Over the last two decades the exchange rate between the Canadian and U.S. dollars has been closely tied to the price of oil. The loonie is a petrocurrency. As oil prices rose post-2000, so did the loonie: from the low 60 cent range to parity by 2010. This induced major shutdowns of Canadian manufacturing plants and relocation to the United States. Furthermore, China’s impact on Canadian wages cannot be measured solely by reference to the magnitude of foreign imports in trade-exposed sectors. The Chinese demand for resources – oil and gas in particular – is part of the present Alberta-dominated federal government’s motivation for favouring oil and gas exports from western Canada, which in turn exacerbate the impact of an overvalued loonie on manufacturing jobs.

Immigrants, Aboriginals and social trust

The chapter by Keith Banting, Stuart Soroka and Edward Koning deals with multiculturalism and redistribution. They note the “surprisingly positive” survey evidence among Canadians toward immigration and the paucity of evidence that large-scale immigration has lowered Canadians’ faith in redistributive politics. They contrast Canadian attitudes with the depressing results of Robert Putnam with respect to American public opinion. In a major oft-cited study, Putnam found that ethnic diversity in U.S. communities led to an erosion of interpersonal trust among everyone. Both immigrant and old-stock Americans “hunker down” in their respective ethnic communities and lose faith in government social policy. Elsewhere in this issue I review the recent book on immigration by Paul Collier, who also refers to Putnam’s work. His emphasis is on the European experience, which in general has been much less optimistic than that in North America.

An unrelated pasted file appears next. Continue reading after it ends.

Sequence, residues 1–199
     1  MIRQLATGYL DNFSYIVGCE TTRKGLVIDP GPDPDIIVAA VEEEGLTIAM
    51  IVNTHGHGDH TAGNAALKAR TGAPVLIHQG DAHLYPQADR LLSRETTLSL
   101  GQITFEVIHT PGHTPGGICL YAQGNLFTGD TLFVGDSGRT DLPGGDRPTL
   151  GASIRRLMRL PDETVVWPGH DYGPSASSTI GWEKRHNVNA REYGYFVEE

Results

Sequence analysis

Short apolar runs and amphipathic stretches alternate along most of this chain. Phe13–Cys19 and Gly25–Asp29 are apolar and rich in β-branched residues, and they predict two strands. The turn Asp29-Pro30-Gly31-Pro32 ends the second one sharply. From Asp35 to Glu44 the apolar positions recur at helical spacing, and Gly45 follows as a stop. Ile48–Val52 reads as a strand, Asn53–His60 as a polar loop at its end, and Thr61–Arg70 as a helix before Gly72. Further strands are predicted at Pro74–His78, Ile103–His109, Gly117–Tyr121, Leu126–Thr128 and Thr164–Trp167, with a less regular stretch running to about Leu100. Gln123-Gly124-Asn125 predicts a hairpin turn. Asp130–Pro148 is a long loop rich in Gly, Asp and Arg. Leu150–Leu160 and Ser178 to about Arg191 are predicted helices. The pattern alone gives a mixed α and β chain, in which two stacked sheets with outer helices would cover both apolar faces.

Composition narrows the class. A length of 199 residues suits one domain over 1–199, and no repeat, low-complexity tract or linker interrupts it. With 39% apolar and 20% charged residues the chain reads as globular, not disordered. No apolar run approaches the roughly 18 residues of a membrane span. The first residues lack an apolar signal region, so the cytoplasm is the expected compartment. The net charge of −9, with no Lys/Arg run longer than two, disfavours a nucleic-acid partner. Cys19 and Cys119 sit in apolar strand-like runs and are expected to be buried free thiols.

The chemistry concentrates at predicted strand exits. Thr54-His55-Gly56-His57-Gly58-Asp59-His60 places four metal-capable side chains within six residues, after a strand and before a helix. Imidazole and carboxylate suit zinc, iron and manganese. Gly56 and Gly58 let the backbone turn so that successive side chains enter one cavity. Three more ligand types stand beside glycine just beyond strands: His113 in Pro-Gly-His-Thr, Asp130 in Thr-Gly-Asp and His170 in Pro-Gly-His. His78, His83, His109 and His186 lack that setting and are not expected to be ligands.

The key reason for Canadian exceptionalism is probably Canada’s strict requirements for immigration, by international standards, in terms of education and ability to speak either French or English. However, Canada has not entirely avoided the European and U.S. syndrome of ethnic ghettos dominated by poorly integrated descendants of ethnic minorities. The Caribbean-dominated Jane-Finch neighbourhood in the north end of Toronto cannot be described as high-trust. The growth of militant Islam, symbolized by women covering themselves in public, has created a backlash in Quebec. In 2013, inspired by French precedents, the Parti Québécois government proposed a Charter of Quebec Values, supported by a combination of secular cosmopolitan feminists and traditional Québécois de souche. The new Liberal government will also legislate in this area, although its measures are expected to be less sweeping than the PQ’s.